On 18 December 2017, the Regional Court of Hanover (the "Court") ruled that the city of Göttingen is in principle entitled to cartel damages against truckmaker MAN, the amount of which is to be determined in a subsequent judgment. The claim concerns a follow-on action to an infringement decision of the European Commission dating from July 2016, establishing the participation of MAN, Volvo/Renault, Daimler, Iveco and DAF in a 14-year price-fixing cartel in the truck sector (see VBB on Competition Law Volume 2016, No. 7, available at www.vbb.com).
The city of Göttingen claimed damages for 13 vehicle purchases for its departments of firefighting and waste collection and sought damages of approximately € 335,000 plus interest. The Court rejected part of the claim for purchases which fell outside the period of MAN's involvement in the infringement.
The Court then examined the validity of a lump sum damages clause in the standard terms of the purchase agreements providing for compensation of 15% of the total sales volume. Similarly to a judgment of the Thuringian Higher Regional Court concerning the rail construction sector (see VBB on Competition Law Volume 2017, No. 6, available at www.vbb.com), the Court decided that such a standard clause is valid unless: (i) the other party to the contract is not expressly allowed to show that a loss has either not occurred or is substantially lower than the lump sum, or (ii) the lump sum exceeds the loss expected under normal circumstances. In the present case, the clause expressly allows MAN to demonstrate that the actual loss is lower and the Court took account of the fact that economic studies showed that cartel damages amount to a median value of 18%.
MAN's passing-on defence, claiming that ultimately cartelised prices were borne by the taxpayers and not by the city of Göttingen, was dismissed by the Court for lack of a secondary market (the vehicles were not resold to the taxpayers). The Court also took a stand on the debated issue concerning the application of a provision which suspends the statute of limitations during cartel investigations of the EU Commission or a competition authority of a Member State, siding with previous judgments which held that the provision is applicable to claims which came into existence before the provision became effective (see VBB on Competition Law Volume 2017, No. 6 and 9; Volume 2015, No. 4, available at www.vbb.com).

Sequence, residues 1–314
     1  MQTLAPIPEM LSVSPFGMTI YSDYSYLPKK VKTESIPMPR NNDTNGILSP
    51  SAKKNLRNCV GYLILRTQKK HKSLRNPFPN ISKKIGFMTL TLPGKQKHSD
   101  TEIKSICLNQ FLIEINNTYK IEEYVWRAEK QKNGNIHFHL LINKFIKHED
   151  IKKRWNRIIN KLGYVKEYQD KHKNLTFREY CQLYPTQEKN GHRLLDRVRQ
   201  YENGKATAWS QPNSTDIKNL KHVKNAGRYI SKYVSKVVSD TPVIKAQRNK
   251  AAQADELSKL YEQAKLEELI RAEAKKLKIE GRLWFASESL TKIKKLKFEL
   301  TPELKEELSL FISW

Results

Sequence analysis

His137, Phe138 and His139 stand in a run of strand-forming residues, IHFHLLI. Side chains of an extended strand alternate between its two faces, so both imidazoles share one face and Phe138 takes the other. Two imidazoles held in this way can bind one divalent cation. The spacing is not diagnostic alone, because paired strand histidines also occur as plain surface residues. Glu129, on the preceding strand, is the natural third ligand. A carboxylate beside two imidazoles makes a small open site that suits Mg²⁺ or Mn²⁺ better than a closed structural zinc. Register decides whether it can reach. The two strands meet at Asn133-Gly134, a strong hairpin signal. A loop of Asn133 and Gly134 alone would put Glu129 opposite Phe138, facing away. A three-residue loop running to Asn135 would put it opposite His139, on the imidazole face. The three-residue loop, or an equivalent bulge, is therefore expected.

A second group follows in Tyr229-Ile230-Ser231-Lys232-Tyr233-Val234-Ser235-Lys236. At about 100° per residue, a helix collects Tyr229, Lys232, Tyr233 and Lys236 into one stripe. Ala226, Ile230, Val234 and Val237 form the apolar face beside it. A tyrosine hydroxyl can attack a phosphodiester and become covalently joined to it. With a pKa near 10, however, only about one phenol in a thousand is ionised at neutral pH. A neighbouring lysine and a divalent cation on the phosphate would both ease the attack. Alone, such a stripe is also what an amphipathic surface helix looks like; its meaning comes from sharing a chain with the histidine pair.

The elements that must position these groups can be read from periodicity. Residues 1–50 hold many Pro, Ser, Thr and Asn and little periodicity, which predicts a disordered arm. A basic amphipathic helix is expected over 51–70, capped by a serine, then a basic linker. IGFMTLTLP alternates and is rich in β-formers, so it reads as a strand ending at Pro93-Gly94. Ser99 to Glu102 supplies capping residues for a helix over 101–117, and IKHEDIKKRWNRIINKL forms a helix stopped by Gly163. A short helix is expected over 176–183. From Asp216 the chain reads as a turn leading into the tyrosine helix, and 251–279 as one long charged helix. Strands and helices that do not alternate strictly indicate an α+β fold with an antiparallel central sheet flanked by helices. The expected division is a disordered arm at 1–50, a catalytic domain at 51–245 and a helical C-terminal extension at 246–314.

More judgments on follow-on damages claims in the truck sector are to be expected. According to press releases, a number of other actions have already been filed: (1) a claim by financial right, a debt collection service provider, of assigned rights from over 3,200 companies before the Higher Regional Court Munich exceeding € 500 million, (2) a claim by ELVIS, the European Freight Association for International Transporters, of assigned rights from more than 300 companies before the Regional Court Stuttgart for € 176 million, (3) a claim by the German railroad company Deutsche Bahn, to which the German Army and 40 companies assigned their rights concerning the purchase of 35,000 trucks for a value of approximately € 2 billion before the Higher Regional Court Munich and (4) a class action by CDC (Cartel Damage Claims) representing over 400 companies and concerning a purchase volume of 50,000 trucks before a Court in Amsterdam.
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